"…Into the kitchen I went, getting to work: Onions chopped, garlic minced. Sautéed in butter. Curry powder and chile oil, a little more than dusted; a cloud of yellow, rusted. Chicken, cubed. S and P. Potatoes, chopped. Carrots, diced. Broth, poured. Lid secured and chicken curried. In another pot, the rice and beans (red kidney) were cooking with a sauté of onions and garlic, a few sprigs of thyme, salt and pepper, a splash of coconut extract, and a heaping of cilantro. Sim- Simmah! As I cut the carrots and cabbage for a slaw, the scented sensations of curry pervaded the kitchen and the insinuations of Jamaica rose above the pot.…”
Growing up, I have always known a love for food. As I grew responsible, I discovered a love for food preparation. And growing up- maturity- I garnered an appreciation for food, the definition of the diversity of global cultures besides my own. The cuisine of the Caribbean is one that populated the space within the borders of my plate at home rather frequently as compared to the other cuisines.
My father is from Belize, a small country of Central America, wedged between Guatemala and Mexico’s Yucatan Peninsula. My grandmother is native to Panama, My brother-in-law waves the flag of Jamaica. This triangle broadens to include friends and relatives from Haiti, Trinidad and Tobago, Guyana, the Bahamas, and perhaps we can include Puerto Rico and the Dominican Republic. From this pyramid of influence. runs such food and drink as ginger and sorrel, carrot juice, and soursop; beef patty and coco bread, brown stew chicken, stew peas with pigtail, pickled peppers, rice and peas (coconut rice and peas is simply implied when talking to those of the heritage) curried goat, curried chicken… Oh! My mouth could babble on as it waters. I don’t know if this is what you think of Caribbean food, but these are the victuals that were swept from my plate, bulging from my stomach and, ultimately, my memories.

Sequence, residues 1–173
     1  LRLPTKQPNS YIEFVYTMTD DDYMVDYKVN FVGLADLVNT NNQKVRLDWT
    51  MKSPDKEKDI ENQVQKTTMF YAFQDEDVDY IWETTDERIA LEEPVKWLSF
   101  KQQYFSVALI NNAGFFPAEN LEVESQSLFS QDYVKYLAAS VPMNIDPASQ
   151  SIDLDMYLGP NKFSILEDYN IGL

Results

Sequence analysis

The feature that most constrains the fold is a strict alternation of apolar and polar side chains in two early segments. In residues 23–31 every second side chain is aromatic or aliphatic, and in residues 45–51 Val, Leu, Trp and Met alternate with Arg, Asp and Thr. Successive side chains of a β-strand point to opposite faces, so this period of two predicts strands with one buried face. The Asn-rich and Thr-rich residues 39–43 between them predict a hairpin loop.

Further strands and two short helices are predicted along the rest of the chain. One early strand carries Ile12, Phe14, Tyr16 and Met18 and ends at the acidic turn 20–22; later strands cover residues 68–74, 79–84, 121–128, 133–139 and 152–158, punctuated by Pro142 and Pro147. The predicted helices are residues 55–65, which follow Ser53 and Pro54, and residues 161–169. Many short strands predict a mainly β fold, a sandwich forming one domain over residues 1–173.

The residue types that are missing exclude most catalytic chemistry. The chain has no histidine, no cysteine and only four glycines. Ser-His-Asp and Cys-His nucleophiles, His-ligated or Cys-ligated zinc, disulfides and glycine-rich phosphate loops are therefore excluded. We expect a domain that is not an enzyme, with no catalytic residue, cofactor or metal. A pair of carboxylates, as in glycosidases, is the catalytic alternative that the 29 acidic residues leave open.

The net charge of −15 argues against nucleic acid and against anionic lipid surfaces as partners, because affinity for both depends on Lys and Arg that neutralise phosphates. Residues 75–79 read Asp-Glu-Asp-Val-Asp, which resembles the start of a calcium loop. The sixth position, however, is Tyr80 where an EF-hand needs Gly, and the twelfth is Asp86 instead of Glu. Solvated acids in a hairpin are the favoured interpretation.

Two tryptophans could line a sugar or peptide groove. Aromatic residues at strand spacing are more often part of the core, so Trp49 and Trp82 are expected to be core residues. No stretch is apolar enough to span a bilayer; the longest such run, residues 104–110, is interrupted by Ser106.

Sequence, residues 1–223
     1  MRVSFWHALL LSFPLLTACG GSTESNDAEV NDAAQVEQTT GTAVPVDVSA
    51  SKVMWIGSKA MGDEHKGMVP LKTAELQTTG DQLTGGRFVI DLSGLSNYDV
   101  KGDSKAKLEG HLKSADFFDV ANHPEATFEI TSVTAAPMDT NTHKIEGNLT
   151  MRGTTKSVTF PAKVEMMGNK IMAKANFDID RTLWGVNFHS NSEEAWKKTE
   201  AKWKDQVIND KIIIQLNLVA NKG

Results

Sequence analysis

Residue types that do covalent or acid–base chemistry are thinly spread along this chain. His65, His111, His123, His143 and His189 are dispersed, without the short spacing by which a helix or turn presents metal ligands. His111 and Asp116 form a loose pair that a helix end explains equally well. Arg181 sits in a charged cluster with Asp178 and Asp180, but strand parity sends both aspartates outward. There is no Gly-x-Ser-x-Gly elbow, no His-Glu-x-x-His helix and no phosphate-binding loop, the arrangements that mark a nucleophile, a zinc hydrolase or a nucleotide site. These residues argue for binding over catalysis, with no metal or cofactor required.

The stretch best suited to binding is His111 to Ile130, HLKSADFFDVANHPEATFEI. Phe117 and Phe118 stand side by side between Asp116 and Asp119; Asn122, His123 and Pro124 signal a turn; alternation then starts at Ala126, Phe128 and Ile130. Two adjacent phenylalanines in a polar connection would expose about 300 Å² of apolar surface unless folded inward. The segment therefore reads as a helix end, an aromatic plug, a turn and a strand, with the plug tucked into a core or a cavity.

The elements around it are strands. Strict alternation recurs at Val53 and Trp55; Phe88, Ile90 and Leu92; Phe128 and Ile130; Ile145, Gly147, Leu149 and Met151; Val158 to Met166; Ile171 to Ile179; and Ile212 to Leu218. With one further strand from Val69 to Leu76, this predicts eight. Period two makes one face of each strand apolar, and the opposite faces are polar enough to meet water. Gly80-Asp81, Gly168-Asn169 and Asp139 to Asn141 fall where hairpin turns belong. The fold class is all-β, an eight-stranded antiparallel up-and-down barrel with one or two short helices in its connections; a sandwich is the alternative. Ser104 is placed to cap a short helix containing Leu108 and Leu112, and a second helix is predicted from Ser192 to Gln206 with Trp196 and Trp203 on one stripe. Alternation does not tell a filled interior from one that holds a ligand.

Interestingly, this is not the cuisine I am most comfortable cooking, approaching it with caution and a bit of timidity. Because there are so many critics nearby, sniffing and biting, I have for the longest played it safe, avoiding an affront to the cuisine and confrontation with authenticity, or the lack thereof. Offering to help in the kitchen when younger, I was sometimes handed or the dish rag (kind of like in the industry, as many professionals have gotten their start in the dish pit as opposed to the barbecue pit.)
Not too long ago, a friend of the family asked about my proficiency in Caribbean cooking. My pitiful response was that I was waiting for my Jamaican brother-in-law to teach me, afraid to offend the cooking style, more scared to get it wrong. She cajoled beyond the fearful excuses and, now, away from home, and away from the fastidious critics and taste buds, I did move beyond the coward barriers.